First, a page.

Flies for jacks? Anything. ( notice there’s a trend going here…) Anything that catches their attention and whatever they can wrap their lips around. Clouser minnows, Deceivers, and especially poppers. Mullet flies are hard to beat in the fall during the mullet run. Fishing the dark, stained water inshore, bright colored flies in yellow or chartreuse will be easier for them to see. And the big guys like really big flies. Like sailfish streamers eight to ten inches long. And the biggest poppers you can find or make. The bigger the jack, the bigger the flies. When they want to feed, there really isn’t a whole lot they won’t chase down and kill.
Scale your rod to match the fish. Six weights will make the most out of jacks up to five pounds. An eight or nine weight will do for five to ten pounders. Over ten pounds a beefy nine or ten weight, and if you know the jacks are going to be over twenty pounds, break out the twelve weight. I know a lot of people who haven’t pulled on jacks are out there saying”…a twelve weight for a twenty pound fish?” All I can say is just you wait and see. They can be done on lighter gear, but you won’t like it. Remember, more than likely, you won’t be hooking just one. And believe me when I say fighting jacks can wear you out. Exhausting actually. Luckily, they are very tough fish and won’t fight themselves into an unrecoverable state of exhaustion. But, if you insist on lighter gear, go ahead, knock yourself out… literally.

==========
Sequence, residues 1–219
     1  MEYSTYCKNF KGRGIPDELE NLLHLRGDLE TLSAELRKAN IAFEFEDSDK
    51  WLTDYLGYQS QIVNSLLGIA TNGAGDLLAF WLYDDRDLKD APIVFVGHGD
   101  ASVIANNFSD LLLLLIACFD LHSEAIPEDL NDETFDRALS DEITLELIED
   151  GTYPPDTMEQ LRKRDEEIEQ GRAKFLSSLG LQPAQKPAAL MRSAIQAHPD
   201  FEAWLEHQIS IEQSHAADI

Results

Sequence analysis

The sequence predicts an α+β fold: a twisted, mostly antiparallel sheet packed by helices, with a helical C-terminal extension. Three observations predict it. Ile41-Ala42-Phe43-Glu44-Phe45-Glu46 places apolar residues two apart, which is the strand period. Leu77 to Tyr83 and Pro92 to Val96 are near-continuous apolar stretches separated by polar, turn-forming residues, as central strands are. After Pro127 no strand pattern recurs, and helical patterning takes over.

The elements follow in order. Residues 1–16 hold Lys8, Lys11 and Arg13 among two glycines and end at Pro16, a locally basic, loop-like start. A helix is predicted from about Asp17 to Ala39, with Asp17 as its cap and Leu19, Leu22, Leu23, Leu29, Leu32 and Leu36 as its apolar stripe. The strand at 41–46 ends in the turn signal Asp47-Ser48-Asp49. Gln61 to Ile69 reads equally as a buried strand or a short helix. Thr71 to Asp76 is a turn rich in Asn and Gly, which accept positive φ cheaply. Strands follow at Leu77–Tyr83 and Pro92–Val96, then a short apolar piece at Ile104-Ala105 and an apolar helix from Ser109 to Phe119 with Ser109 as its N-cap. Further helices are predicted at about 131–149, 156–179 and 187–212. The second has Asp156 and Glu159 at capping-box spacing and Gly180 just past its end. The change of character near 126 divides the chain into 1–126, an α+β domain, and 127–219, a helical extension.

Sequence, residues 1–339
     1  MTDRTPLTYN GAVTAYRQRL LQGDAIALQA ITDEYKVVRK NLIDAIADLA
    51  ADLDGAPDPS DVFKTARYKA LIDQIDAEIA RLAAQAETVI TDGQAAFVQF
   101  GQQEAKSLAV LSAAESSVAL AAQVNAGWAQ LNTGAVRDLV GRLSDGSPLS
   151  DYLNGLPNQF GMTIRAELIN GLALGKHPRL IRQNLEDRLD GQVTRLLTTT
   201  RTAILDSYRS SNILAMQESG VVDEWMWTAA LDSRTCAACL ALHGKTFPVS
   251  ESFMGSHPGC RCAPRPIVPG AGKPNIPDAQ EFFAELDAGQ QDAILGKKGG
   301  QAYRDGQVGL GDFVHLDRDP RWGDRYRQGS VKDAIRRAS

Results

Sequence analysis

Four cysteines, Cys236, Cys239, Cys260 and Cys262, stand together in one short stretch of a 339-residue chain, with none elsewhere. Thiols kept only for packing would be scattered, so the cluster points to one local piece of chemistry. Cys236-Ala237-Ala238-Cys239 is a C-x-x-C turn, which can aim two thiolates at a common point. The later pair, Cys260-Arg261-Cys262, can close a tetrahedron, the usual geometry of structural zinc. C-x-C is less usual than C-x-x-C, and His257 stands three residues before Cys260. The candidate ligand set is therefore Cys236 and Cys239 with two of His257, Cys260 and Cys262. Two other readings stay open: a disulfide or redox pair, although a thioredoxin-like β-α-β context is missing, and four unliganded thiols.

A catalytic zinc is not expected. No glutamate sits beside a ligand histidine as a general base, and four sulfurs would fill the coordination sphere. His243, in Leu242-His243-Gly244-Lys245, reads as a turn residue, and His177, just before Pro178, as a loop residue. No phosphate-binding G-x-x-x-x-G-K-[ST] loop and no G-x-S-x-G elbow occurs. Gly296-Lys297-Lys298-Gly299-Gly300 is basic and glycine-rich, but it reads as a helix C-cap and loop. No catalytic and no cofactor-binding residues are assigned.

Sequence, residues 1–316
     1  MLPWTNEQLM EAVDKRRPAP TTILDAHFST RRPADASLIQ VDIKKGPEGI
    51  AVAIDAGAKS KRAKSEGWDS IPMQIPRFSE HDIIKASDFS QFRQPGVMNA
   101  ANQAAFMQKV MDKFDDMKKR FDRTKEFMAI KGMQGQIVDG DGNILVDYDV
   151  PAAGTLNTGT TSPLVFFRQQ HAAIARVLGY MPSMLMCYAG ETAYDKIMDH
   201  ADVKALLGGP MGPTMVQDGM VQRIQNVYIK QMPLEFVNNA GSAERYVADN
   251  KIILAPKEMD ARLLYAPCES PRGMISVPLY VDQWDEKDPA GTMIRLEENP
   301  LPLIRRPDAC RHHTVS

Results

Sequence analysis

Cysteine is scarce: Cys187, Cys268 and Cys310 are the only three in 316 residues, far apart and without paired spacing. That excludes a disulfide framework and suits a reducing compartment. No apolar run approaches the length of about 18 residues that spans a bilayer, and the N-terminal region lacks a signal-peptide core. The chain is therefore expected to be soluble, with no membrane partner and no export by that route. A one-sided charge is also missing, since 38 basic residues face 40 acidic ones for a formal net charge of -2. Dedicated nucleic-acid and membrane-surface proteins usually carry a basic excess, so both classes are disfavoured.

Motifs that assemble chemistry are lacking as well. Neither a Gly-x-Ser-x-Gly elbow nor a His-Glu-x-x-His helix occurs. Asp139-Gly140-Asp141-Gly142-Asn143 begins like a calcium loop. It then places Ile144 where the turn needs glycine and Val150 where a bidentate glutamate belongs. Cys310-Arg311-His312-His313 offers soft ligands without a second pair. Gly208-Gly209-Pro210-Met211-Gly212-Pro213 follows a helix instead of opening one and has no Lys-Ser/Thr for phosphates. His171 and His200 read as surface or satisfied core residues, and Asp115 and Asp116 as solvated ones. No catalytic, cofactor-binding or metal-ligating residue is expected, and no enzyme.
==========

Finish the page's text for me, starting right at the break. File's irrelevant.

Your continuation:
So, the next time you find yourself in Florida and the tarpon have lockjaw, the permit aren’t permitting, and the bones don’t know that they’re supposed to eat flies, ask your guide to introduce you to Jack.